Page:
RC Groups

RC Groups
    Electric Plane Talk
        How many of us were total R/C virgins when they got into electric planes?

#1 videographer Sep 11, 2001 10:55 PM

How many of us were total R/C virgins when they got into electric planes?
 
I was, about 3 years ago...but now I can manage almost as many successful landings as takeoffs!

Anyone else?

BAJ

#2 GregG Sep 11, 2001 11:35 PM

I started in Sept. '93 with a Goldberg Mirage 550. I used 3 packs of 6-1500 cells and the stock motor. I ended up teaching myself as the local clubs instructors were all too busy with contests. It only took me a box full of balsa and a couple of tubes of glue to get it down. That and about 50 crashes over 1.5 months! When that motor burned up finally, I switched over to an Astro 05 and seven cells. Man what an eyeopener that was. :eek:

#3 Brad Trent Sep 12, 2001 01:15 AM

Me, too, in Jan./97, with the Mirage 550. Now usually have 4 or 5 planes airworthy, and 3 or more building or repairing. Hooked? Who, me?
Brad.

#4 ShinySteelRobot Sep 12, 2001 01:22 AM

My first-ever R/C flight was a Sky Scooter. I've only ever flown electric. After seeing what planes like the Aveox Embat and CSD Vortex can do, I've never been tempted by the noisy/oily side of the hobby.

#5 TTT Sep 12, 2001 01:32 AM

I was lucky a guy at the Uni where I work was into electrics. The only time I had spare was in lunch hour. So we would wander onto an nearby cricket field with my Nora and not disturb anyone. With the help of a buddy box I was in the air. I progressed steadily till I soloed. This wasn't even 12 months ago.
Then came a Trick RC Razor then a 2M Glider then a LitestiK and an mini IFO indoors in a 3 basketball court stadium.
If it wasn't for the virtually silent operation of electric(with exception of Razor) I wouldn't have had the time on weekends to get into R/C.
Since I was a kid I wanted to get involved. After I started working I bought a 40 sized slimmer then started to do the club thing. But saw my buddy put his plane nose first from about a 100 feet, kinda lost a bit of interest then discovered water sking. Discovered chicks like water skiing not intersted in R/C thus plane went into storage. That was 17 years ago...

All I can say is there is no beating an Instructor and a buddy box even with those we had a few incidents so if you are on your own it must be real tough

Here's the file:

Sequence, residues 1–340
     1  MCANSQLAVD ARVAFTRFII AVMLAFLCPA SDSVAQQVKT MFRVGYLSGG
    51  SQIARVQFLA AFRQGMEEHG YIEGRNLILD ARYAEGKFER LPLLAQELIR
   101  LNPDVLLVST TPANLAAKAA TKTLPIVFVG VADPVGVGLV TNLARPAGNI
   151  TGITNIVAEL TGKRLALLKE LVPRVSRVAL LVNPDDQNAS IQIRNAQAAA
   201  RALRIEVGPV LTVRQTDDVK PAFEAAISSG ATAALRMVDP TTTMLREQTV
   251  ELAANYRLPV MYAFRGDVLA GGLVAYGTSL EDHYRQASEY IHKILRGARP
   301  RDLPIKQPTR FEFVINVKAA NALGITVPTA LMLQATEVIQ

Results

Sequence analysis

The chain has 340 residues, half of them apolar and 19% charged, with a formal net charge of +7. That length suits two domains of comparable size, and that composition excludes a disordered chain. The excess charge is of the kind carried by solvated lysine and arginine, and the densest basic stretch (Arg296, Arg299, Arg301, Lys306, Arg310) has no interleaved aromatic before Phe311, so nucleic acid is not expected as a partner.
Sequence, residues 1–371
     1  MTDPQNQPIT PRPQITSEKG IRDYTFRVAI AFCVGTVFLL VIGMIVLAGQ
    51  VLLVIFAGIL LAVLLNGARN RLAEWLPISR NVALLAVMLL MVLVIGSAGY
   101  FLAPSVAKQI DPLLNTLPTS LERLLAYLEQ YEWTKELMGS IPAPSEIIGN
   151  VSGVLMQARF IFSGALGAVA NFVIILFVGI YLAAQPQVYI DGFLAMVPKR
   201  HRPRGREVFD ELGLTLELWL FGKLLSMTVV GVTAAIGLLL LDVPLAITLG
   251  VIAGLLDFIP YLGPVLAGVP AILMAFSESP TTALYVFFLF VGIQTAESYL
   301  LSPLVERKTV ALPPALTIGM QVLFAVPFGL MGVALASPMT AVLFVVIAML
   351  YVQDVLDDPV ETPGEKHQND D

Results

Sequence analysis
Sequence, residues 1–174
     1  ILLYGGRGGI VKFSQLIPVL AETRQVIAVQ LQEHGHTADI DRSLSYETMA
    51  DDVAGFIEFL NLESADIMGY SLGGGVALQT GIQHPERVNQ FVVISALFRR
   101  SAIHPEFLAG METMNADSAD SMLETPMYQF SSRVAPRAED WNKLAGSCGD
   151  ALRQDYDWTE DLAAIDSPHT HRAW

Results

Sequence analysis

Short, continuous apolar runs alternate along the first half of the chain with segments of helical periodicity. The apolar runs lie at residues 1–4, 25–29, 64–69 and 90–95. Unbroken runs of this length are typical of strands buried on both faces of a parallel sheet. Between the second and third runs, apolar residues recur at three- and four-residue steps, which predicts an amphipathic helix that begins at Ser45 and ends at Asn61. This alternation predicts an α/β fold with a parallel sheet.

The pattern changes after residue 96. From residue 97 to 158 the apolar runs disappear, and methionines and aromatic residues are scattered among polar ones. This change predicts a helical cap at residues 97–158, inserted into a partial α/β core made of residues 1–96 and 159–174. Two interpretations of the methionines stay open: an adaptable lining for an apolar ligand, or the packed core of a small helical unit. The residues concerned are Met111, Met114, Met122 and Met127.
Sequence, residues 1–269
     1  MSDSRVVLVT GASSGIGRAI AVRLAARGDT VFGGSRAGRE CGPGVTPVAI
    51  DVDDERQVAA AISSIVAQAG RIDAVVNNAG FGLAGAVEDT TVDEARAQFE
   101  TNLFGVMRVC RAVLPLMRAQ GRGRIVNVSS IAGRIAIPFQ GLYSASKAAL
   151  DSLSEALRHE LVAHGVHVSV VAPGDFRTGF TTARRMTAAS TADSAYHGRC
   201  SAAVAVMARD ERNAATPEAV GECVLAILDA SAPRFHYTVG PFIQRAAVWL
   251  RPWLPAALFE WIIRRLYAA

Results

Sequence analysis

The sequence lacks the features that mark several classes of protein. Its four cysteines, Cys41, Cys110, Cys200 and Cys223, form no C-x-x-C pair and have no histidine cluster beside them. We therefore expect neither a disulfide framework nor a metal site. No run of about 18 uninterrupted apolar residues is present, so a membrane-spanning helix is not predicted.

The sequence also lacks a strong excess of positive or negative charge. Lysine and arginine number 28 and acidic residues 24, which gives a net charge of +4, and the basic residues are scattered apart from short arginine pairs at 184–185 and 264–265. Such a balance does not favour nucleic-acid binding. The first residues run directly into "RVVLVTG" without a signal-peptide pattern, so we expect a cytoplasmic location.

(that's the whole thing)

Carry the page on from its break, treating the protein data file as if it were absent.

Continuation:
Terry

#6 dtknowles Sep 14, 2001 11:21 PM

The first RC plane I built was a PT-Electric but I taught myself to fly with a 2 meter sailplane I bought from a co-worker for $20 who built it but never flew it. The PT-E was complete less radio installation and setting in the shop while I taught myself to fly. I had installed the Futaba Attack 4 with the MCR-4a RX/ESC and two S-133 servos in the glider (no motor) with a 6 cell 1500 mah sub C pack that was go in the PT-E. I started my lessons by throwing this glider with the brick in it around a middle school playground.

Tim Knowles

#7 BillH Sep 14, 2001 11:36 PM

I was, I had a glow trainer, but never managed to get it off the ground. First plane I actually flew was a Gentle lady glider. Then Electric, Only flew glow 2 or 3 times after I learned how to fly allready with electrics

#8 crcflyer22 Sep 14, 2001 11:45 PM

My first plane was the Miss 2. I have a 1/3 scale cub that has never seen the air due to it is a gas plane. I have feel in love with these little planes and have no interest to even start that big gas thing I have. Mabe I convert it one day.

#9 mimai Sep 14, 2001 11:48 PM

If you don't count a 2 channel 1/2 a trainer 30 years ago which never landed sucessfully.

I started 3 years ago. I built a Mirage 550 and finished it towards the end of the season. It looked so good I didn't want to trash it learning. It is still unflown. (maybe this winter I will put a gearbox on the motor or try a brushless for next year)

Next, I built a Push-e Cat, which I have been flying for 2 years now. The first year I belonged to a sort-of organized club, so I only flew it a half-dozen times. I am now a member of an electric-only club with lots of members able to teach. I have been able to fly about every other week (work, weather, family, etc.) I am landing reasonably consistantly now.

I am finishing a Duskstik which I hope to try out this weekend.

mike i.